flooring

Planning A Single Storey Extension in London? I have a Free guide for you! by Tash South

If your about to start a major extension project, I’ve put together this essential guide to help you achieve a home with a space that works for you.

Image: blissfulbblogcom via Amanda on Pinterest

Taking on a large project can be quite daunting, especially if it’s your first one. It really helps if you have a clear idea of what you’d like to achieve as this will help you with the many decisions you will have to make along the way.

Many extensions end up being a box just stuck onto the back of a house, usually achieved by submitting basic plans to the planning department, but so many could be improved by including and architect or designer at the start of the process. These professionals will always provide interesting solutions to problems you may not even realise exist - like possible lack of natural light or uneven floor levels, for example.

Make sure you choose a designer that you can talk to easily, this will be very important for getting you vision across.

Discuss with your designer what you’d like achieve. Whether that be an open-plan layout, an indoor/outdoor experience, or an eat-in kitchen, they’ll be able to advise you on how to achieve what you want.

Remember to tell your designer if you want a high-end kitchen or large expanses of glass or roof lights so that they can factor those into your budget.

If you live in a house, think about any future renovations too, if later on, you’d like to turn a single storey extension into a double storey one, make certain to tell you designer and structural engineer so that they can plan for that from the start by incorporating more substantial foundations, for example.

The above is an excerpt from the guide, to read more, sign up to download the full guide below.

Discovering Bert & May’s exquisite new collections at their London Showroom by Tash South

A couple of weeks ago I was invited to be a guest at Bert & May’s Supper Club, and I was thrilled!
I have been following their growth as a brand and I absolutely love their ranges - having long been a fan of their handmade tiles and use of raw materials.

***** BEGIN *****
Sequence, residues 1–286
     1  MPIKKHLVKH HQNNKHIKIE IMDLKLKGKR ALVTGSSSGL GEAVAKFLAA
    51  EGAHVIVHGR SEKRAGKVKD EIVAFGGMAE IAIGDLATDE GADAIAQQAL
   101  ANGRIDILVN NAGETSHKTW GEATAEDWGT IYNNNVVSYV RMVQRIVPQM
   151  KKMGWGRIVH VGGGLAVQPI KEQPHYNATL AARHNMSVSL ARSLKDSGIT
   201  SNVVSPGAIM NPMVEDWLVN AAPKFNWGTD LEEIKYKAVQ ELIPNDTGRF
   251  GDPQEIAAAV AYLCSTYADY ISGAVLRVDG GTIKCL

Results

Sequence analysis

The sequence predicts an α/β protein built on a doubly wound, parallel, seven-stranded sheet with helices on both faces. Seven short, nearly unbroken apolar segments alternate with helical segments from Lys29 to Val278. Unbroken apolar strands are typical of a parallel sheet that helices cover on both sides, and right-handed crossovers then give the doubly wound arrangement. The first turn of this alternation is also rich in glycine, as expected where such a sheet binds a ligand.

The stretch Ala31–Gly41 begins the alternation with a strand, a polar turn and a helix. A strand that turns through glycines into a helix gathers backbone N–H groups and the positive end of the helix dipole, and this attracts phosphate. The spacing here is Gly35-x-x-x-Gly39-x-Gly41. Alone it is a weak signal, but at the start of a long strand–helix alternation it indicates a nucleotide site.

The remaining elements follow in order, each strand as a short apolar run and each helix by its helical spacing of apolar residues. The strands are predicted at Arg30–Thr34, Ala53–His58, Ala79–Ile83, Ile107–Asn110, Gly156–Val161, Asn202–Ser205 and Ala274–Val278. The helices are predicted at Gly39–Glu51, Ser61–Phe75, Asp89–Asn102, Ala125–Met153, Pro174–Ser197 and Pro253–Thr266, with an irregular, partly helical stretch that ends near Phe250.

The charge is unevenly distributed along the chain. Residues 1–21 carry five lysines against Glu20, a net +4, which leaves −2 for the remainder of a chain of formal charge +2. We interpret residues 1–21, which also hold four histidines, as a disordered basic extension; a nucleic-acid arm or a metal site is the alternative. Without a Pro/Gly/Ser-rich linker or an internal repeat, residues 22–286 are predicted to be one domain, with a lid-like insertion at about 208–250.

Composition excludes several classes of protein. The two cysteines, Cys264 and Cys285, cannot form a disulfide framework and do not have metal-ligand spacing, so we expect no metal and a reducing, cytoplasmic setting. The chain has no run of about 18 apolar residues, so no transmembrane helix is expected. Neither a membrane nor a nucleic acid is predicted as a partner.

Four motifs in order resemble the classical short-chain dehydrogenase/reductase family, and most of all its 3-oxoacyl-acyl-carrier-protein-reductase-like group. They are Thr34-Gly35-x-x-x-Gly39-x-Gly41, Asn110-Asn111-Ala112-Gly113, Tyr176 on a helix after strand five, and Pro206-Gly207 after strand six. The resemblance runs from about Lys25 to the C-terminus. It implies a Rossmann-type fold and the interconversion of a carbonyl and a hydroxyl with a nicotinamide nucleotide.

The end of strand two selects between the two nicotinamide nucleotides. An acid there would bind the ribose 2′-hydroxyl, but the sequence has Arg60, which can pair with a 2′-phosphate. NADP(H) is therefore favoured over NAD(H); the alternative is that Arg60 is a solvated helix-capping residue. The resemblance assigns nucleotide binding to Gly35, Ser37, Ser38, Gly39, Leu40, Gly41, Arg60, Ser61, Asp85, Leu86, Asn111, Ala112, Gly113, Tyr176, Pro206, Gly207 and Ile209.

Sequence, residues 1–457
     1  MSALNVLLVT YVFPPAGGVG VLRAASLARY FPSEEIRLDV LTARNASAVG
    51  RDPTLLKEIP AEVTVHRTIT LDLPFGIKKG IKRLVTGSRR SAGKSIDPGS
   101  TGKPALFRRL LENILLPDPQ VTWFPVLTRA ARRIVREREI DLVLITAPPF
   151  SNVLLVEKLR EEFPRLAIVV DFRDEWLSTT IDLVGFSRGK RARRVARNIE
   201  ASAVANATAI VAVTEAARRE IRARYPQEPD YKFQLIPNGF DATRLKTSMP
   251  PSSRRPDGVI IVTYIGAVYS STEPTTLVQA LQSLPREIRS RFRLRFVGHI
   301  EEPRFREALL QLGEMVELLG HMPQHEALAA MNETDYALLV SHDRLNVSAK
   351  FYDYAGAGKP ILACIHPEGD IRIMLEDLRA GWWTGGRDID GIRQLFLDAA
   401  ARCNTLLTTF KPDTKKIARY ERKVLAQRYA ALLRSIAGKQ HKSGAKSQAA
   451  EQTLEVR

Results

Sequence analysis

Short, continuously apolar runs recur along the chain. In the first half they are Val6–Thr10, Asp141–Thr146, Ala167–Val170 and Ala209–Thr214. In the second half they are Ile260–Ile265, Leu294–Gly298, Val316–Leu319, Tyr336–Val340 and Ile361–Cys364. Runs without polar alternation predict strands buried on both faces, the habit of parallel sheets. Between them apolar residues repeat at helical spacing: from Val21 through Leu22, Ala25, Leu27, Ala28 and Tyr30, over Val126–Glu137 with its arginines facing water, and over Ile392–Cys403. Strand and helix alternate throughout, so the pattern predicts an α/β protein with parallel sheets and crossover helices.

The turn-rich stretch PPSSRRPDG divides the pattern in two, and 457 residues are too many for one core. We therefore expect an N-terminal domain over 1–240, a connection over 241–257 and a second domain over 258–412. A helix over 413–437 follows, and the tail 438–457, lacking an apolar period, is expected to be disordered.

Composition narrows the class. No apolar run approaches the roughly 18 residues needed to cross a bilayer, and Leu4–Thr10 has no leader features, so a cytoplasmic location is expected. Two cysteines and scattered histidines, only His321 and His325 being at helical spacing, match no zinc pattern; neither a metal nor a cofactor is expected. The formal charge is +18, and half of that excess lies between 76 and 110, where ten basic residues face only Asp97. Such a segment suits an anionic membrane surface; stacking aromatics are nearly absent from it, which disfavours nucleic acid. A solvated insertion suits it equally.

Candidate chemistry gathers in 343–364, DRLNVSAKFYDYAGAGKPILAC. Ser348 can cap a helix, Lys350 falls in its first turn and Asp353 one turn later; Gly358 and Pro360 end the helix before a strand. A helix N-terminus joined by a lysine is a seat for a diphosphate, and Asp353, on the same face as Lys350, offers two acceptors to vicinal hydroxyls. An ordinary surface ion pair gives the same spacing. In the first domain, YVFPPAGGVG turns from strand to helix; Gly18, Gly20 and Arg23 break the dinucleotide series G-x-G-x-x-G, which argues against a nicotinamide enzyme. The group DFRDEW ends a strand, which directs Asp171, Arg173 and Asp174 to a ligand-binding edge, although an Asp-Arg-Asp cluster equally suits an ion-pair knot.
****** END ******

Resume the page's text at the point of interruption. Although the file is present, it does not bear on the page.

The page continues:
The Supper Clubs are great relaxed networking events for people in the industry, and they give us the chance to check out all that Bert & May have to offer in their industrial chic showroom and barge right on the canal in Hackney, with the added bonus of a delicious three-course menu, this time catered by Alice Hart and Georgina Fuggle and served on Bert & May’s striking dinnerware.

On arrival we were offered lush cocktails to have whilst we wandered around to take in the various ranges, including tiles, flooring, dinnerware, natural pigment paints, and of course the new kitchen and bathroom collections. I absolutely adored how tactile everything was. I just wanted to touch everything! But with a camera in one hand and a cocktail in the other, this proved a bit tricky.

bert and may supperclub dinnerware and tiles

The History

Bert & May was founded in Spain in 2004 by former barrister Lee Thornley and the brand quickly established into a bespoke lifestyle brand and specialist supplier of handmade artisan tiles,
engineered wood, natural pigment paints, and most recently, furniture, bathroom products and fittings, and kitchens.

On opening his award-winning Andalusian hotel Casa la Siesta in 2008, Lee realised his talent for discovering and sourcing beautiful old materials. The architectural salvage he sourced from his travels around Spain became much in demand from interior architects and designers.